Securing your survey station

Even though you have made sure that no one can start other apps on the device, you also need to consider how to secure the iPad and the iPad stand that you are using. When you are considering iPad stands, there are several options out there. Here, at tabsurvey we have had the opportunity to work with several products. Two stand out.

using a survey app

If your need is an elegant solution, that should endure an highly dynamic environment, and where there’s a risk of theft or vandalism, then our recommendation is the lockable iPad case or stand from BOX IT Design. With thousands of installations worldwide, BOX IT Design’s products have by far proved themselves to be durable and well-designed high-end options.

survey station

However, should your needs for an iPad stand be different, because your survey is internal or placed in a supervised area, then a great alternative are the stands from Armour Dog. Armour Dog delivers a cost-effective alternative, which is mainly available as table stands.

With both products you can mount the stands onto a surface like a floor, a wall or a table. You can also acquire a steel wire with a padlock, if you want to secure the stand further.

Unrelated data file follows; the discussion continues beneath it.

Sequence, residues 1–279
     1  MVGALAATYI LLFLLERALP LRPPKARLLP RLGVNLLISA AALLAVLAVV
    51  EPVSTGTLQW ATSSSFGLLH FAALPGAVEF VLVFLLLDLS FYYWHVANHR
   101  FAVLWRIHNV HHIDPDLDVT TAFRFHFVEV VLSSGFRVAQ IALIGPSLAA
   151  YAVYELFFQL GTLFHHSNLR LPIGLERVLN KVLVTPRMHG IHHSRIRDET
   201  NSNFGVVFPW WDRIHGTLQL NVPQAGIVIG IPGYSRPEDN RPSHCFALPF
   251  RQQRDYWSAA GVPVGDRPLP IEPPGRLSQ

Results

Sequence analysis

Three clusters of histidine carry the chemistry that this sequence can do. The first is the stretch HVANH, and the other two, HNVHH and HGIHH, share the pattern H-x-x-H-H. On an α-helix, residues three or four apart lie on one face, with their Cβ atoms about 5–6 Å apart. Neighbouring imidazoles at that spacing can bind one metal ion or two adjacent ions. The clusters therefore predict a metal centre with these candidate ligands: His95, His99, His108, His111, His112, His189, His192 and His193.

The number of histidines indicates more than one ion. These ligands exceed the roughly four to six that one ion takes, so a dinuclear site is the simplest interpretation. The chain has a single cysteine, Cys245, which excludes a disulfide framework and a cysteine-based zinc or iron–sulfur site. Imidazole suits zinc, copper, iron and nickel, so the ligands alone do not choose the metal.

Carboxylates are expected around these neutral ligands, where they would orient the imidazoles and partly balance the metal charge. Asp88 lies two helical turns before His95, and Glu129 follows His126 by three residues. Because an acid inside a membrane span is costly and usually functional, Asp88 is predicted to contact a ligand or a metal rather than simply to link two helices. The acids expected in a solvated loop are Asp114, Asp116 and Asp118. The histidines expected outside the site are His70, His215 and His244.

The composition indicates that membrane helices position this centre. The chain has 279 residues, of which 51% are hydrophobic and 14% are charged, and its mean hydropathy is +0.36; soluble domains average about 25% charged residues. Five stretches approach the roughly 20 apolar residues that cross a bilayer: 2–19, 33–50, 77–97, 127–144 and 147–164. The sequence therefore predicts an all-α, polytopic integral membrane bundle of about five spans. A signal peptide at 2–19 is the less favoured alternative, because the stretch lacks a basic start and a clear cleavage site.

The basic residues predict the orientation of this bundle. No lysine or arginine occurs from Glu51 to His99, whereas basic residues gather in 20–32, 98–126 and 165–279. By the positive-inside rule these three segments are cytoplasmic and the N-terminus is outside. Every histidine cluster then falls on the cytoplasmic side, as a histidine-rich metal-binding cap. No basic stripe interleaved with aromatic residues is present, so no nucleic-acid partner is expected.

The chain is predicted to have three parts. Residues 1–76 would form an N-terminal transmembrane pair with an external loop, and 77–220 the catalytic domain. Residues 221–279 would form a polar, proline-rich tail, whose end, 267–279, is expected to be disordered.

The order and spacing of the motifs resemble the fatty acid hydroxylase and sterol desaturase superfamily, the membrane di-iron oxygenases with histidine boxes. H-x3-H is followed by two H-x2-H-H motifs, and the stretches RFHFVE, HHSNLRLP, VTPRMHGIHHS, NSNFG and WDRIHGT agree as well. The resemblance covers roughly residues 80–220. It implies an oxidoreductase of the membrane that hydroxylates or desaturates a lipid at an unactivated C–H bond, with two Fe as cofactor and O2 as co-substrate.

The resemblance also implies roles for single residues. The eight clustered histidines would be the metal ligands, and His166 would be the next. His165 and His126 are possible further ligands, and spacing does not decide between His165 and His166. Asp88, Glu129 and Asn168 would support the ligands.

Utilities and infrastructure

Once you have made the appropriate decisions regarding security, there are still a few other things to pay attention to. One is something as basic as ensuring that you place the iPad and stand near a power outlet. It may seem trivial, but if your device runs out of power, then it won’t be collecting answers for you!

Another issue is the Internet connection. Even though the app can run without an Internet connection, it will not transfer data to your online reports unless there’s a live connection. A time-limited guest wi-fi with login enabled via browser won’t do the trick, as they it will kick off it’s users after 24 or 48 hours. If you must use Wi-Fi, make sure that it’s a reliable internal (preferable hidden) network, or a cellular-based Internet connection. In either case it’s important that the connection is stable and strong.

If you have considered all of the above points, and made the appropriate choices then you are definitely on track to using a survey app successfully.

 

Conclusion

This blog post primarily dealt with the practical issues, which you will face as a project manager, store manager or implementation partner when using a survey app to run surveys. The things to consider include:

  1. Finding the right location for your survey station
  2. Taking the appropriate measures for securing your hardware and software; and lastly
  3. Ensuring that the necessary infrastructure requirements are present

Be sure to read our next blog, which will give pointers to a successful implementation of a customer experience management project from an organisational involvement point of view. Stay tuned!